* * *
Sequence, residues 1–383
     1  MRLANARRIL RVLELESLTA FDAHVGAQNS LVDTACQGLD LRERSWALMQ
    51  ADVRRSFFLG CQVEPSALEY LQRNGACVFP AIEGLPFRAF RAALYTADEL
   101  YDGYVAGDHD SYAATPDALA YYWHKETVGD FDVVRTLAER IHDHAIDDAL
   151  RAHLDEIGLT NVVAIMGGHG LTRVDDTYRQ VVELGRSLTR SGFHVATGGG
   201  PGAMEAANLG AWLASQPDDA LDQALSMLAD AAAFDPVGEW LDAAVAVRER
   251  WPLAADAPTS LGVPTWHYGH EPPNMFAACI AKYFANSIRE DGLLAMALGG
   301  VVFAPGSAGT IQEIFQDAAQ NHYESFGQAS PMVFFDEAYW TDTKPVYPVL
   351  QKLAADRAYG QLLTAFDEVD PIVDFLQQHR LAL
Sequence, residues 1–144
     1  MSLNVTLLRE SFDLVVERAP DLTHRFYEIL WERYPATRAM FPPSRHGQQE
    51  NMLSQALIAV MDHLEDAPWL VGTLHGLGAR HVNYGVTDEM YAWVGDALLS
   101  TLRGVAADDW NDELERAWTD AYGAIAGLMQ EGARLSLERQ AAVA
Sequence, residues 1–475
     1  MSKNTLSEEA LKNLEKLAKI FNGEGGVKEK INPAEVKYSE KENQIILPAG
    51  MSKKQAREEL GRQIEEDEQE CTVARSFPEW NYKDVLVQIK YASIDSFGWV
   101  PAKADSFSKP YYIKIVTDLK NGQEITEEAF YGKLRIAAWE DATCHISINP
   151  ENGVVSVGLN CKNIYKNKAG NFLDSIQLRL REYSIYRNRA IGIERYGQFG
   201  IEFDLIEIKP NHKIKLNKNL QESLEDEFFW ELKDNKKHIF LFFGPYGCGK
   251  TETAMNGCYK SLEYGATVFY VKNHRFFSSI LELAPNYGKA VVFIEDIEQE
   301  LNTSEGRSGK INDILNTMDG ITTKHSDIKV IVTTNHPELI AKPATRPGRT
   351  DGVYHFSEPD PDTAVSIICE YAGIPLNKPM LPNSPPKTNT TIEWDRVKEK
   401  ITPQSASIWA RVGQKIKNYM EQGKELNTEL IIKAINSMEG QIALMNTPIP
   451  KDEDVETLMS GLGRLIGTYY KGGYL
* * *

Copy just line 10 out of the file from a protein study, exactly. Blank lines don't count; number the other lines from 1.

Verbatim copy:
Sequence, residues 1–144